Determining symptom validity as it relates to a schizophrenia diagnosis has important medicolegal and clinical implications. First, relative to other common psychopathological complaints involved in medicolegal dispute (e.g., PTSD, TBI), schizophrenia tends to develop rather gradually, and often without a single salient trigger. Absent a full psychiatric history, collateral information from others’ reports, and verifiable information reported by the patient should be considered alongside prolonged multiple observations and assessments over time, as current research on eye tracking and feigning schizophrenia has focused on bona fide patients, as opposed to suspected patients. For example, in cases of suspected early psychosis, poor quality of life scores (e.g., assessed by Global Assessment Functioning and Quality of Life Scale) as contrasted with prior patient history, should warrant (eye-tracking and other) assessments for schizophrenia (Hosseini & Yousefi, 2011), as lower GAF scores in early diagnosis of schizophrenia tend to point to poor prognosis (Köhler et al., 2016), and thus, eye tracking and other feigning measures may be clinically useful in these cases.

Second, someone with schizophrenia could suffer a psychological injury and this comorbidity could complicate presentation of both schizophrenia and psychological effects of the injury. Despite unclear findings on the relationship of childhood trauma to schizophrenia (Morgan & Fisher, 2007; Ruby et al., 2017; Cancel et al., 2019), recent research has shown that the lack of clinical attention to various negative life experiences (specifically, traumatic loss) that have contributed to trauma exasperates experienced psychotic symptoms through maintenance factors like cognitive distortions and attenuated affective responses (Vallath et al., 2020). Therefore, thorough history, including pre-existing psychological trauma should be taken into consideration when assessing suspected schizophrenia following psychological injury which points to traumatic loss (e.g., bereavement, job loss). Further, schizophrenic-like symptoms, such as delusions and hallucinations can emerge following a stressful event, perhaps due to an underlying vulnerability, such as a personality disorder (D’Agostino et al., 2019). In forensic cases, stressful events that cause psychological injury (e.g., arrest, incarceration) can be the catalyst for first-episode psychosis to appear, and this may significantly complicate the outcome of the forensic evaluation.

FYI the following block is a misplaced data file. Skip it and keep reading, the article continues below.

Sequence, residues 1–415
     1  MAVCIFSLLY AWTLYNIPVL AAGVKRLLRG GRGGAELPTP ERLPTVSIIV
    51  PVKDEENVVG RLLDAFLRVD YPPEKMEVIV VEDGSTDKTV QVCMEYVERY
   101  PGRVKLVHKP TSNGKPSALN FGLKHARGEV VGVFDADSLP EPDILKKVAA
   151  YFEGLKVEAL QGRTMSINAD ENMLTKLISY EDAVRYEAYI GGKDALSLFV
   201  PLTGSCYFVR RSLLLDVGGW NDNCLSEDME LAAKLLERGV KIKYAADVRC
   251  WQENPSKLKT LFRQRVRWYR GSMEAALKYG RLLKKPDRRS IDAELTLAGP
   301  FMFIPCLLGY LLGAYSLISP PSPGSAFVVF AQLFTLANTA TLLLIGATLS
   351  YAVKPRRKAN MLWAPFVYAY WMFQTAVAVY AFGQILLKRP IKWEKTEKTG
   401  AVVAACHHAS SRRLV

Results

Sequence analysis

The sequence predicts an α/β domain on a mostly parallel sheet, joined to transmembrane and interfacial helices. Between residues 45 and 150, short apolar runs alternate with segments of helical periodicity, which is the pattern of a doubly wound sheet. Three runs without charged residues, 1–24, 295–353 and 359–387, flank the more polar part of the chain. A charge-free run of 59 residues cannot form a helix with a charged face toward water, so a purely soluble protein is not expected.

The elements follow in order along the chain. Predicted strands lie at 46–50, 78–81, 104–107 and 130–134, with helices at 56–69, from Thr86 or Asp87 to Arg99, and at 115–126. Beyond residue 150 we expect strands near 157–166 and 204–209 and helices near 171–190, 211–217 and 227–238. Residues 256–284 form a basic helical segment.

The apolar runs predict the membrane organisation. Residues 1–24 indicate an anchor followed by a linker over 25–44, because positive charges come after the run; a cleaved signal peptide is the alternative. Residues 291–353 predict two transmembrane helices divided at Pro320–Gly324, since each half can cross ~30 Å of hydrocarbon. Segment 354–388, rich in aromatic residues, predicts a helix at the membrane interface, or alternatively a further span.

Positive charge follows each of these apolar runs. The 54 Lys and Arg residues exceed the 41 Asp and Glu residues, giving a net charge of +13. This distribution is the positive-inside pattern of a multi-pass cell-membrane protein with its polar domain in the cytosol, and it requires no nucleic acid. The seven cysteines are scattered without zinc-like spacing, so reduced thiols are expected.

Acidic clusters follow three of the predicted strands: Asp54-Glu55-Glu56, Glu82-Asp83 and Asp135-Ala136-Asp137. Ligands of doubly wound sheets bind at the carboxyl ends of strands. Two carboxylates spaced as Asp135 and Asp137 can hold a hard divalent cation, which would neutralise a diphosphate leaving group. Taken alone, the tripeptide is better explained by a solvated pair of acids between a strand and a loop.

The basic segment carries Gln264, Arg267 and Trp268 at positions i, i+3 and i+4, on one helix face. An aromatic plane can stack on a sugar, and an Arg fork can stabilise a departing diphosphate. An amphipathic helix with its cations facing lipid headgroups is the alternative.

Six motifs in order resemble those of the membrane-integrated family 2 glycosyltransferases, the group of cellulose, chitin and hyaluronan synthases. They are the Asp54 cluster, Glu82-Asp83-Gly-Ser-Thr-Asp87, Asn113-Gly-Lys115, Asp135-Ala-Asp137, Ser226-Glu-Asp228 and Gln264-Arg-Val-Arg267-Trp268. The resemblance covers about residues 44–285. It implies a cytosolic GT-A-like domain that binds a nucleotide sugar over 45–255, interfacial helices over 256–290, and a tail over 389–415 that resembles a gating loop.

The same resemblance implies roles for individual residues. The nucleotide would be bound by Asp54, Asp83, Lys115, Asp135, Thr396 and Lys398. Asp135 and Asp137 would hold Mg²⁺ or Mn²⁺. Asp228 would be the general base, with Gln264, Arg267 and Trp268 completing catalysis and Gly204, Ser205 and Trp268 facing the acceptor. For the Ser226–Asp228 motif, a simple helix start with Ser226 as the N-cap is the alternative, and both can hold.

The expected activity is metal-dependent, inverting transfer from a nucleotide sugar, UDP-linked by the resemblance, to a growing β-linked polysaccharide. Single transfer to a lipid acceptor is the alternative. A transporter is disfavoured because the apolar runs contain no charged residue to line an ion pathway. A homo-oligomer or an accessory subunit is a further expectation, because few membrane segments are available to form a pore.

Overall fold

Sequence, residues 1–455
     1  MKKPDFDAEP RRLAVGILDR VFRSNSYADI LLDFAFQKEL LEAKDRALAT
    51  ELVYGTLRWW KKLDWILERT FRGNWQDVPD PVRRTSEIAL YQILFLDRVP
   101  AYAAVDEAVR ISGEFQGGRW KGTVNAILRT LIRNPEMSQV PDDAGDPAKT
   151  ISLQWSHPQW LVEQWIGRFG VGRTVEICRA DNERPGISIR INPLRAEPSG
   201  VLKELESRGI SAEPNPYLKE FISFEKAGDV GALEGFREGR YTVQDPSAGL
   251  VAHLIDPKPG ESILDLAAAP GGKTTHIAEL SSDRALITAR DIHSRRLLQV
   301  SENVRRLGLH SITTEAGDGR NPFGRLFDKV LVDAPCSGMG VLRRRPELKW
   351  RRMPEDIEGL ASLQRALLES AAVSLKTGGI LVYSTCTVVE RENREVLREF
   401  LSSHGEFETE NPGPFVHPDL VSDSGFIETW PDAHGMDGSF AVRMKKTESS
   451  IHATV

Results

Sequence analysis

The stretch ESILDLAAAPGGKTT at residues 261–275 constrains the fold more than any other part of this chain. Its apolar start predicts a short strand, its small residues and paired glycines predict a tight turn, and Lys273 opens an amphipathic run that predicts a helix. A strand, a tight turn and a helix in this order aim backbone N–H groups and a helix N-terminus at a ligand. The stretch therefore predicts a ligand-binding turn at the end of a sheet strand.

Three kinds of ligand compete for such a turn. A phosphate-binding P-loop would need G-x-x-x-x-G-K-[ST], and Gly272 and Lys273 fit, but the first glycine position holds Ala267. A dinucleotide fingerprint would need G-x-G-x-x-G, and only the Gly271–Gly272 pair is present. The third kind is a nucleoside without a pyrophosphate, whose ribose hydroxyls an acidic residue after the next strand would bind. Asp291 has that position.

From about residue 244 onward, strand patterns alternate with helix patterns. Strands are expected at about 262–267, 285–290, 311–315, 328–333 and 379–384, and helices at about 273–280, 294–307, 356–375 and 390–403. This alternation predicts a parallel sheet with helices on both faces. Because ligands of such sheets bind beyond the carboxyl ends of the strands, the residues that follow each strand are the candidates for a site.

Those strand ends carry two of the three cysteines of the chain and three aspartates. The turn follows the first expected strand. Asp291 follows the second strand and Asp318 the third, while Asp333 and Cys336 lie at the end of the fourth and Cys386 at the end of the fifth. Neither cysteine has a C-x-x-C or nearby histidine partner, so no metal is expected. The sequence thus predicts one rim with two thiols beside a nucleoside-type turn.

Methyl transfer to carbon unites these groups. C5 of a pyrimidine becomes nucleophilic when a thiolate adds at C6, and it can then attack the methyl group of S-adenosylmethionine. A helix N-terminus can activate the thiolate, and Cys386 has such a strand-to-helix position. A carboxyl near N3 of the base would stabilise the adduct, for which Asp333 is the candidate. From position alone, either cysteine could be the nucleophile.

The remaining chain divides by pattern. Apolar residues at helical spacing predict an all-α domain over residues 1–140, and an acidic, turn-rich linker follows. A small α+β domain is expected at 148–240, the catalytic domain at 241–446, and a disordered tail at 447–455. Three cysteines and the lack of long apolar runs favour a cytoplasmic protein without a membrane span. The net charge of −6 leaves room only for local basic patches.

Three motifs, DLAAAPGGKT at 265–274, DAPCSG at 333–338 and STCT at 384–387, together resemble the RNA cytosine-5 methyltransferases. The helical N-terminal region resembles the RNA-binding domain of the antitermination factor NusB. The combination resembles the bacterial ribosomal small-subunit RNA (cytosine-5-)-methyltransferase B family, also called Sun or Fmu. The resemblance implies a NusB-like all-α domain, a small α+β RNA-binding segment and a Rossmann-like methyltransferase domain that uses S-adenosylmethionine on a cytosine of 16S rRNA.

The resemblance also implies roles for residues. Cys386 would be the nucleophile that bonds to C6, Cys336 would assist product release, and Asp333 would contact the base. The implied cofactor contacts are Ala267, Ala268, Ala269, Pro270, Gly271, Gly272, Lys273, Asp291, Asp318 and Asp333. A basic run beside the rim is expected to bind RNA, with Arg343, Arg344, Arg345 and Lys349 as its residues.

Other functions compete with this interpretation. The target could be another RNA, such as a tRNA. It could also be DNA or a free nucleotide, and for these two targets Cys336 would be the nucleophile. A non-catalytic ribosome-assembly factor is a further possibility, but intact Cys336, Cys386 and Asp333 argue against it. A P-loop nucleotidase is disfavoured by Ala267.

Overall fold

Third, eye movement abnormalities occur in other poorly understood psychological conditions, like Capgras delusion. Delusional misidentification syndromes likely share an organic basis of structural organ damage, which contributes to schizophrenic-like symptoms (Josephs, 2007; Young et al., 1993), including ocular abnormalities (Brighetti et al., 2007). While Capgras and other misidentification syndromes most commonly occur during the course of comorbid schizophrenia, they can also be attributable to or aggravated by head injury, physiological illness, and other neurodegenerative diseases, which might impact prognosis and presentation. In forensic cases, it may not be easy to discern the veracity of the defendant’s performance and consequently, assess his/her ability to stand trial.

Fourth, schizophrenic-like symptoms could emerge after the event for which the defendant is being tested, perhaps because suffering from an underlying vulnerability. Such cases could also significantly complicate the outcome of the forensic evaluation.

Finally, there are conditions that could further complicate the differential diagnosis, such as schizoaffective disorder beforehand or depression with psychotic features after the event.

Without valid test results, clinicians may reach incorrect conclusions regarding the diagnosis and severity of a patient’s difficulties or symptoms and may subsequently initiate a number of inappropriate referrals and treatments, thus, increasing iatrogenic effects for the client and limiting resources for other patients.

Analysis of eye movements is, therefore, a worthwhile PVT measure for future research investigating the feigning of cognitive impairments. This study represents the beginning of a systematic effort to utilize eye movement responses as a performance validity measure. Given the high rate of feigning of psychiatric illnesses and the increasing availability of low-cost and portable eye tracking devices, eye tracking likely has the potential to become a crucial part of PVTs.